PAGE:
We’re settled into a new site, about 30 miles from Highland Ridge. The “Not- Driving-a-Lot” aspect of this summer’s plans were very intentional. I can’t say we have accomplished as much as we thought we might — or even that we did the things that we thought we might, but that doesn’t mean we haven’t had fun: this is turning into a wonderful summer.
As an almost lifelong resident of Wisconsin I’m ashamed to say that my experience of Wisconsin State Parks has not been as diversified as I might like. When I was growing up we seemed to have a lot of places my parents revisited, and ten we did a lot of wide ranging national roadtrips. As a result there are still a lot of state parks we have never seen, as you can see above.
We have talked about camp hosting for Wisconsin State Parks but they don’t make the volunteering-process — you’re supposed to contact the park and find out if they need a volunteer/they do not participate with Volunteer.gov. I’m curious to see how much time we spend in Summer during future years; I have no feeling for what we might do once we get past our summer of ’16 volunteer gig at Highland Ridge.
We hope during the next two weeks to do some more exploring. We are on the doorstep of the St Croix National Park, we’re right across the river from the lovely riverside town of Stillwater MN, and there’s nothing wrong with Hudson WI for that matter — it’s lovely and old. I can’t call it quaint, there’s a little too much commercialization for me. But there will be more for us to see than we’ll have time for if I’m to finally get around to some of my projects before or after Kathryn comes to visit.
It’s back to the theme of change. A little while here, a little while there; sometimes quite a little while, other times not-so-much little while. But change is the name of the game. We don’t do the same thing every day — well, perhaps other than my writing. Some times we do two meals a day, other times four. We may be active for a couple days, and then we take a couple days off and relax. Naps are nice — sometimes we take them, other times not.
I guess repetition is my enemy. When I was working, by the time I had really, really learned a job I was ready to move on and learn something new. Peggy was understanding about that; I had several very different careers during my working years. In some ways I guess our RV’ing life is continuation of that.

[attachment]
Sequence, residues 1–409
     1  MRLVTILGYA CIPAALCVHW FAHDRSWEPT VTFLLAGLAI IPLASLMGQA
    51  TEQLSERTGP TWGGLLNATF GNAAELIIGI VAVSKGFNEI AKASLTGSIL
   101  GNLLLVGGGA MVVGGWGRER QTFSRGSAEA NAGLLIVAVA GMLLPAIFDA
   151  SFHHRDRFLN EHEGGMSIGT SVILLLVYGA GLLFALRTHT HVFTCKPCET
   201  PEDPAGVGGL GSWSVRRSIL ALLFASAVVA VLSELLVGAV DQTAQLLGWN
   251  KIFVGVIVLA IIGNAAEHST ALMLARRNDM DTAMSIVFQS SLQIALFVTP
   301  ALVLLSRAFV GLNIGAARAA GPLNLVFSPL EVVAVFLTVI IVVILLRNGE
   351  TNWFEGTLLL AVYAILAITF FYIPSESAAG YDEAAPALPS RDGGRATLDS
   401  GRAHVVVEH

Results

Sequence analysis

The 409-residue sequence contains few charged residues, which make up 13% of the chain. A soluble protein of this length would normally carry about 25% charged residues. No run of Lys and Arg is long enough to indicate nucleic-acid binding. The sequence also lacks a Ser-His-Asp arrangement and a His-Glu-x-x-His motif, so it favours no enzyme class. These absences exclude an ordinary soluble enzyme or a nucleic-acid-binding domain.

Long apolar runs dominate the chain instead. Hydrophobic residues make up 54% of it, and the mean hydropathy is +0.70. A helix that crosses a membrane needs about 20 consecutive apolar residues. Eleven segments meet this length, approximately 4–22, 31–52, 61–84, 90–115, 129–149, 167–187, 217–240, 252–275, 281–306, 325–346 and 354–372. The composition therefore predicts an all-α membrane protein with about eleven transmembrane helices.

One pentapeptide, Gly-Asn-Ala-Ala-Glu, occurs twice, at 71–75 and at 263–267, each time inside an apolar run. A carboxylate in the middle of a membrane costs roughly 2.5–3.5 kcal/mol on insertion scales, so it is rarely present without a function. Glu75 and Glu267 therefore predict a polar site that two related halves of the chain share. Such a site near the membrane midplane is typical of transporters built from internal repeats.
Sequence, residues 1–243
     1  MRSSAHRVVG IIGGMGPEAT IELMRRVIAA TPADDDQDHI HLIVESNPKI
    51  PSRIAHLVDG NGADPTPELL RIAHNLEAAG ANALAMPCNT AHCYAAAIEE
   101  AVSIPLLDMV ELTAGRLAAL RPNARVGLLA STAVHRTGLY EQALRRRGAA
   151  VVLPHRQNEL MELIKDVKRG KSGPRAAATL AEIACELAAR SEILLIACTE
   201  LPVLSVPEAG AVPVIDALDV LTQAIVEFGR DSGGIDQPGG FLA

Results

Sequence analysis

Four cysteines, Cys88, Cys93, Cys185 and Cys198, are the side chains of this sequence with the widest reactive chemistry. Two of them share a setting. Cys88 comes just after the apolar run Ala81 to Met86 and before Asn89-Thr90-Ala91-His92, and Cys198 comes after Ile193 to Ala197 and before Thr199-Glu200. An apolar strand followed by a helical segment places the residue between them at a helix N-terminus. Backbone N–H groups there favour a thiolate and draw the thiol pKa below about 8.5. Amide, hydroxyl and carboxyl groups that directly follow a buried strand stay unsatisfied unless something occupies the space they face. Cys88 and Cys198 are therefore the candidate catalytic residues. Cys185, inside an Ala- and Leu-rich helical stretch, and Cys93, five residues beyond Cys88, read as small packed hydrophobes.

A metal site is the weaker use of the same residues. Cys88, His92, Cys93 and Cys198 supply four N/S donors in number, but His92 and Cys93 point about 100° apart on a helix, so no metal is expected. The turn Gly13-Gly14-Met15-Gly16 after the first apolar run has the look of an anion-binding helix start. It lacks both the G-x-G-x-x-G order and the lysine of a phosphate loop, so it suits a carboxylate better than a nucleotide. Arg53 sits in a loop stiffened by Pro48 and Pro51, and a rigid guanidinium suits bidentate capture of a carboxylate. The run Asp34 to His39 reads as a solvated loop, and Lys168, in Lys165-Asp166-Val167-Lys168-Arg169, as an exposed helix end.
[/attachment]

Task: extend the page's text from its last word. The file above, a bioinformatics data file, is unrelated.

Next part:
We recently met a couple who say that whenever the stop their RV for an overnight they always stay for 1 week. I don’t think I’m ready for that kind of regularity. Some places aren’t worth a week. Others are worth 10 months or more. Sometimes a stop is nothing more than that — a data point on the way to someplace else that we really want to be.
Then there’s the weather. If you want to spend time outside and the temps are outside your comfort zone you don’t do as much. When we lived in sticks & bricks our jobs were in air conditioned offices and the clock dictated to us more than the forecast. Now, being outside as much as we are, we pay more attention to Mother Nature than we do to the alarm clock. And if you’re married to a fresh air maven like Peggy, it’s nice to be able to get out INTO it!
Flexibility is our friend. After lives that were choreographed months and years apart in a very rigid fashion, it’s lovely to be able to wake up in the morning, spend some time writing, make a meal, and then have someone say, “What will we do today?” And set off on something exciting or something relaxing for just that one day.
Even when we have a volunteer gig — and one where we seem (to others) to be going the same place and doing the same thing — we are learning new things than the ones that made us a living. I love learning. School — not so much. But learning — you betcha!
Our volunteer gigs have been different from how we made our living. That’s crucial. That makes it fun; that and the fact that we are meeting new people each day that we would never have met if we stayed at home is icing on the cake. In our old neighborhood where your next door neighbor may talk over the fence but the guy next to him wasn’t nearly as likely to do so, and the one next to him almost never even smiled when you greeted him.
It’s funny. In talking over the last few months of our 4th year of retirement and our 4th year as RV owners it seems we have no problem staying in one place for a long time if we have a gig — if we’re being helpful to others — but if we’re on our own in parks or RV resorts we’re usually ready to move on by 14 days. Next Spring we intend to try one month at a single resort — more about that closer to the time — after volunteering for 4 months I’m curious to see if the single month in a private campground is going to be welcome or whether we’ll be antsy to move on. We’ll see.
So, as we get settled in, it’s ‘life as usual’ — set up, settle in, settle down. Thanks for stopping by, and I’ll talk with you tomorrow.